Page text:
Friday, November 17, 2017

How Noise Cancelling Headphones Actually Work

As the story goes, noise canceling headphones were the brainchild of electrical engineer Dr. Amar Bose, founder of the world-famous Bose Corporation. Reportedly, while on a commercial airline flight from the Zurich to Boston in 1978, Dr. Bose was given a brand new electronic headset that the airline was then offering to replace the older tube-type headsets previously supplied to passengers for listening to in-flight entertainment programs.

These new headsets were the same ones sold along with Sony Walkman Music Players brought out at that same time. They were lightweight and comfortable and, from an acoustic engineer's perspective, represented what should have been a great improvement for listeners confined to a cabin during a multi-hour transatlantic flight. According to Bose, however, the experience was a total disappointment. The ambient noise from the airplane engines and other sounds within the passenger area of the plane was so loud it made it difficult to clearly hear the music coming through the headphones. It was then that Bose had an “aha moment” in a sudden flash of inspiration he immediately began to put down on paper as the design that could possibly solve the problem.

Stop the Noise With Noise

The sketches made on that airplane flight became the basis for the first noise-canceling headphones, developed during the next decade by a group of engineers Bose put together in the Boston area. The idea was to cancel sound with sound by developing headphones capable of “listening.”

Two Types of Noise Canceling Headphones

JVC Noise-Cancelling Headphones with Retractable Cord

JVC Noise-Cancelling Headphones with Retractable Cord



Essentially, all headphones have some noise canceling capability simply because they either fit over your ears or sit inside your ear holes, thereby blocking out a certain amount of exterior sound. This is called passive noise cancellation, which is further enhanced by the use of sound-deadening foam in the ear-cups that will naturally block out some degree of noise.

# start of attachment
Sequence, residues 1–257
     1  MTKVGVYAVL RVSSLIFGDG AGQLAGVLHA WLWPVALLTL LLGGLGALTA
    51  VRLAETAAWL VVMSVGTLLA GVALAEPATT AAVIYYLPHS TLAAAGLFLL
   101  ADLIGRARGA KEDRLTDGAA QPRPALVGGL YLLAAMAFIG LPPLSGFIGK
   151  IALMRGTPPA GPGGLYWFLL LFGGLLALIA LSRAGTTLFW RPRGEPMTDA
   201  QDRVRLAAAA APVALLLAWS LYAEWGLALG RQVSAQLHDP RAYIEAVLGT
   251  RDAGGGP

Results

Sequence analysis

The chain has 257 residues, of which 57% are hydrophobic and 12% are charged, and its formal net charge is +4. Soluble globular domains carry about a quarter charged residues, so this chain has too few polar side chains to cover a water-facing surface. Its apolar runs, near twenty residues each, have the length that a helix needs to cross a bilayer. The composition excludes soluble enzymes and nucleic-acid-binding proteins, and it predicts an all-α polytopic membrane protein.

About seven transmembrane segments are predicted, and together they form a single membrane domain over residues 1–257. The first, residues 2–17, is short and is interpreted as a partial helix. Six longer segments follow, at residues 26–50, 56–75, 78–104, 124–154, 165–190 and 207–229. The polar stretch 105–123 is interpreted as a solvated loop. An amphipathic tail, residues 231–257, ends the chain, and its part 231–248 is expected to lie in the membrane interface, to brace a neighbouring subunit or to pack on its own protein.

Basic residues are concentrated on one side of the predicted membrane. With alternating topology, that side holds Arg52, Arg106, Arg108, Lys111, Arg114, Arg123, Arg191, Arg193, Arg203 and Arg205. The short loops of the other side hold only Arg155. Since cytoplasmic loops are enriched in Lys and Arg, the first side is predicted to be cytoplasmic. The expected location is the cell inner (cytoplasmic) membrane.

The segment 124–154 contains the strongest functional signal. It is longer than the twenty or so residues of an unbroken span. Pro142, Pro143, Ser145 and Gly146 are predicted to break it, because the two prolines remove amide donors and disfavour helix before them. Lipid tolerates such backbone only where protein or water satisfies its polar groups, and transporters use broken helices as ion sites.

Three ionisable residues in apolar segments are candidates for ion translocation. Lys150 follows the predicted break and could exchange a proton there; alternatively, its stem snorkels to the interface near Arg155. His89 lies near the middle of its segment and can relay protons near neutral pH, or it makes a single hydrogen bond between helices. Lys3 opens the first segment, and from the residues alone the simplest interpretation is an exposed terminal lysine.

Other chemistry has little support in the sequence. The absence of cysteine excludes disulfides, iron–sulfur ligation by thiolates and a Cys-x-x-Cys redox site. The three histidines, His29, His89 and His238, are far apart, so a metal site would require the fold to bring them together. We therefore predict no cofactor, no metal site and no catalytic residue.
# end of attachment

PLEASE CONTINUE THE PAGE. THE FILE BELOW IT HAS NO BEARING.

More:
Active noise canceling technology, which is what Bose envisioned on that fateful flight, utilizes passive noise cancellation along with an electronic means of canceling sound with its “opposite” sound. Sound travels in waves, with peaks and troughs. Active noise canceling headphones have a microphone built into the earpieces that amplify external sounds. Special circuitry within the headphones then creates a sound wave identical to what's being picked up by this microphone, except this wave is 180° out of phase (or opposite). By placing these two waves atop one another the sounds cancel each other out through phenomena called “destructive interference.”

Stop the Noise

Destructive interference works especially well on lower frequency sounds like what's experienced riding in planes and trains, and allows you to hear the sounds you want to hear through your headset much more clearly. Noise canceling headphones also operate to simply provide you with a peaceful silence without any music or other amplified sounds coming through. Some fine examples of noise-canceling headphones on offer at JustHeadphone.com include these JVC sets capable of 18.5 dB noise reduction at 200Hz or 12 dB noise reduction at 300Hz.